Corporate Governance of I.T.

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Presentation Description

Australian Computer Society, Inc. Event Name: Branch Forum - ICT Governance Event Date: 26 October 2009

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Presentation Transcript

Slide278: 

Corporate Governance of Information Technology Mark Toomey Managing Director Infonomics Pty Ltd Chair, Standards Australia Committee IT-030 Member, ISO/IEC JTC-1 SC-7 WG1A Page 1 0:00

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This PowerPoint slideshow is provided ACS members attending the Education Across the Nation series on Governance of IT, during 2009. The slideshow is provided for the personal use of ACS members during and after the lecture, for the purpose of their own self-development, and for the purpose of facilitating conversations with their colleagues, including top level management and directors. Permission is hereby given for participants in the Education Across the Nation series on Governance of IT to copy this material for these purposes only. The Education Across the Nation series on Governance of IT does not necessarily equip its participants with the in-depth knowledge required to enable the participants to act as instructors for classroom delivery of the material. Page 2 Use of this slideshow and copies thereof for the purpose of group knowledge transfer is restricted to personnel expressly approved by Infonomics and is subject to payment of a license fee. This material was prepared to provide general guidance and stimulate debate. It should not be construed as providing professional advice and services for any particular or specific situation. As such, it should not be used as a substitute for consultation with expert advisers. Before making any decision or taking any action you should consult with Infonomics Pty Ltd or other competent professionals. 0:00

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ISO 38500: First Glance Australian guidance leads the world… Page 3 0:02

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ISO 3500: First Glance A Model, and Six Principles Page 4 0:04

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Why do we need a standard? Page 5 0:04

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Why do we need a standard? IT keeps going wrong: Page 6 0:06

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Why do we need a standard? The names and stories keep rolling on… Page 7 0:08

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Why do we need a standard? Investigations reveal the true cause of problems! In the case of the ICS, there does not appear to have been an effective structure or process to direct and control the project, nor to make suitable risk decisions. To fulfil this task, Customs has had at least 10 bodies responsible for different aspects of the management and governance of the ICS, including the interactions with industry… These bodies overlap in their responsibilities and accountabilities, and overall the program has no single business owner and accountabilities for its delivery are unclear. Source: The Australian IT (online) and Booz Allan Hamilton Report 'Review of the Integrated Cargo System' Page 8 0:10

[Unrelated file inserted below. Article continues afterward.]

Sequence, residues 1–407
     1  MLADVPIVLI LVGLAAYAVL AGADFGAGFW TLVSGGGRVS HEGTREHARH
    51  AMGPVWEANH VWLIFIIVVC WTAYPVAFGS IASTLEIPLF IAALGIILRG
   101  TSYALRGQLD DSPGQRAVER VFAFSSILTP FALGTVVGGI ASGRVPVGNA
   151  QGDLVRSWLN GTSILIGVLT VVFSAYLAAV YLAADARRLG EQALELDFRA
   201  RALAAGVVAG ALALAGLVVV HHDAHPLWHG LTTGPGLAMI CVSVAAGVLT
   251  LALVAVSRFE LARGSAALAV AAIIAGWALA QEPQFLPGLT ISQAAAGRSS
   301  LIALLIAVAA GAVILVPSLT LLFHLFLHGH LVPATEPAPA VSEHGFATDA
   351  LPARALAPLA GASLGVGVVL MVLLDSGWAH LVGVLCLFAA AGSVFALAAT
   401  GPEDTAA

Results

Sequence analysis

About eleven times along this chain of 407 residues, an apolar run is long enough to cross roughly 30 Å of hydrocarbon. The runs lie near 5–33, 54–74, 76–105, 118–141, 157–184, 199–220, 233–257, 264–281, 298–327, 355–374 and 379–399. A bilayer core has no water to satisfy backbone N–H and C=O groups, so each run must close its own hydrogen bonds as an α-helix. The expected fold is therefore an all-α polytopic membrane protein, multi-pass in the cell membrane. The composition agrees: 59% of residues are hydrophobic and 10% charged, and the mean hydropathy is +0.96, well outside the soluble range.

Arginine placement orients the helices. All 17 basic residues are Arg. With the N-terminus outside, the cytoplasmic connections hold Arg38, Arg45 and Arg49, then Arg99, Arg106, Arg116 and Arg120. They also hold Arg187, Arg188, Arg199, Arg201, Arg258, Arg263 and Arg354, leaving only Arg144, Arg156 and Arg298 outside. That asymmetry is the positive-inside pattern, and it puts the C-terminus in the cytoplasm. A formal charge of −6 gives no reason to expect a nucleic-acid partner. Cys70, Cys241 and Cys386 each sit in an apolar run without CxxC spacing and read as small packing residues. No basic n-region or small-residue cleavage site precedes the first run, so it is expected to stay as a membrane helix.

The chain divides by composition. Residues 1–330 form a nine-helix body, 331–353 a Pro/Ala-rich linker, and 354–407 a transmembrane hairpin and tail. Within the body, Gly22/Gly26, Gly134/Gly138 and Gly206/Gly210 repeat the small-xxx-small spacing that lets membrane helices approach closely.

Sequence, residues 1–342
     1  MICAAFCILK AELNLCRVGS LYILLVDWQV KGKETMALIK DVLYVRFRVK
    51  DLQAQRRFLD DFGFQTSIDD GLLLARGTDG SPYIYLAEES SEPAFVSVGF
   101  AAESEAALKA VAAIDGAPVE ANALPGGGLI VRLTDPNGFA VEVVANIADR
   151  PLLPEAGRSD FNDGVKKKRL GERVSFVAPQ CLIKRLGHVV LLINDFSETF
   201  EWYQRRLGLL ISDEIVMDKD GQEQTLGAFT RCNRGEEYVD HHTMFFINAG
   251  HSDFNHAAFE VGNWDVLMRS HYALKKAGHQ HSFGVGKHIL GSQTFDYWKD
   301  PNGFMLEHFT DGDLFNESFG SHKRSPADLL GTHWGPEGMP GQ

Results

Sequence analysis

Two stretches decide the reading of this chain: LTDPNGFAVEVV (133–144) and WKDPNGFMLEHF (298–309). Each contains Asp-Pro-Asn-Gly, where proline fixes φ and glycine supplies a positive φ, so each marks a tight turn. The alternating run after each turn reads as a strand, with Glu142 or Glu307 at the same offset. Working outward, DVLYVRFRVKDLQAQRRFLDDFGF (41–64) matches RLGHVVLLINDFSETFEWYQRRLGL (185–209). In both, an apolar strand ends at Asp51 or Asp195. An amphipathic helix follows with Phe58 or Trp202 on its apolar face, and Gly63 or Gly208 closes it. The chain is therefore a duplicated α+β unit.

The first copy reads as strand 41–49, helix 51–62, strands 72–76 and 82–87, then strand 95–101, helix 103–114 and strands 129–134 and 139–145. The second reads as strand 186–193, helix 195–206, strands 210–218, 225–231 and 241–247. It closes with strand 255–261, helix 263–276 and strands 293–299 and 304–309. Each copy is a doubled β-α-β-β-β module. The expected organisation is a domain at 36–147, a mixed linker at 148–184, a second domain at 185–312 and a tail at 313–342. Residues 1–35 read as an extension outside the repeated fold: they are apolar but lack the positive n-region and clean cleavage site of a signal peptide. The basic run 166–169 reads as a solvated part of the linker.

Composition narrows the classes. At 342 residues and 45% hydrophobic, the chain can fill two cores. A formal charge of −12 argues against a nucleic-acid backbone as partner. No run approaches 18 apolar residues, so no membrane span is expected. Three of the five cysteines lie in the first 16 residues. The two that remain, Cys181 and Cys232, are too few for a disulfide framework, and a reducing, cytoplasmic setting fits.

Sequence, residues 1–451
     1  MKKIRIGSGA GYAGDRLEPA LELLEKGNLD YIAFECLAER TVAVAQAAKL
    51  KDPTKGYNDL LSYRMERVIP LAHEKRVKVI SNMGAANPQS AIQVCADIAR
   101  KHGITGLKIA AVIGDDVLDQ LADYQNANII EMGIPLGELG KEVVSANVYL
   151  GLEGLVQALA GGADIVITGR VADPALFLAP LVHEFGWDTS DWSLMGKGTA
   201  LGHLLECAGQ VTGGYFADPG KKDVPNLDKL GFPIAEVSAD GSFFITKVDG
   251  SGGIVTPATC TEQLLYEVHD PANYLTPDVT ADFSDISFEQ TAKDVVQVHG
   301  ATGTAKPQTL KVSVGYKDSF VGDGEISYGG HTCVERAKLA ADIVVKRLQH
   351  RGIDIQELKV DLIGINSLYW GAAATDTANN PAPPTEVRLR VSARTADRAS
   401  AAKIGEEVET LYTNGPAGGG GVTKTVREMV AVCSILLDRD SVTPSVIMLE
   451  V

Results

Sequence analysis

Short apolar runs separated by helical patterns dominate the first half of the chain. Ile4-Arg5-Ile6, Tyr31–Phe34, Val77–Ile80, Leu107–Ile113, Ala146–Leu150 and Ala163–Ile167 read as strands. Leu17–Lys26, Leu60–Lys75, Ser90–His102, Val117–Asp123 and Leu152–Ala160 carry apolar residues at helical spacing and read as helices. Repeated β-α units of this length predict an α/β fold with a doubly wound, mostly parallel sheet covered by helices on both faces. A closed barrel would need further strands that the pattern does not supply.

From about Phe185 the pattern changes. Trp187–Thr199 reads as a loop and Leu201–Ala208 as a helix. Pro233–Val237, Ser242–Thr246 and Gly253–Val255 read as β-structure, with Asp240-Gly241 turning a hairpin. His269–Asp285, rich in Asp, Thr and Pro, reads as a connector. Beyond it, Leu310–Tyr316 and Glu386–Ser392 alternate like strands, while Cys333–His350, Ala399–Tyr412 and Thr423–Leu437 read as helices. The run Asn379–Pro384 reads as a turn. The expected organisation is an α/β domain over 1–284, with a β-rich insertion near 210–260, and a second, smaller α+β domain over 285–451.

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Why do we need a standard? The problem is not in the process! Page 9 The Gimli Glider. See http://www.casa.gov.au/wcmswr/_assets/main/fsa/2003/jul/22-27.pdf 0:12

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Why do we need a standard? The Cost of IT Failures In Australia alone: Failed Projects: $1.5b + per annum* Foregone Benefits: $20b per annum* Operational Losses: $Incalculable Reputation damage: $Incalculable. But isn’t this the tip of the iceberg? Competitors respond Predators descend Regulators investigate Lawyers litigate Today’s IT failure can have a serious impact on the bottom line, and in the boardroom. Page 10 * Dr R C Young: What is the ROI for Project Governance? Macquarie University, November 2006. 1% – 3% GDP! 0:14

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But we’ve already done IT Governance! Effort within IT has not solved the problem! Investment ensures that IT is doing its job competently Rigour Process Control Reporting But it’s not just in IT that problems develop: Use of IT in achieving business goals involves business change Process People Structure Context And necessarily requires that business leaders engage fully: Being responsible Setting direction Planning and implementing ITIL Prince2 CoBIT CMMI PMBOK TOGAF Governance of IT has to deal with how organisations USE IT as well as with how IT departments operate. Delivery Use Many issues arise here – outside IT’s sphere of control. Page 11 Etc. 0:16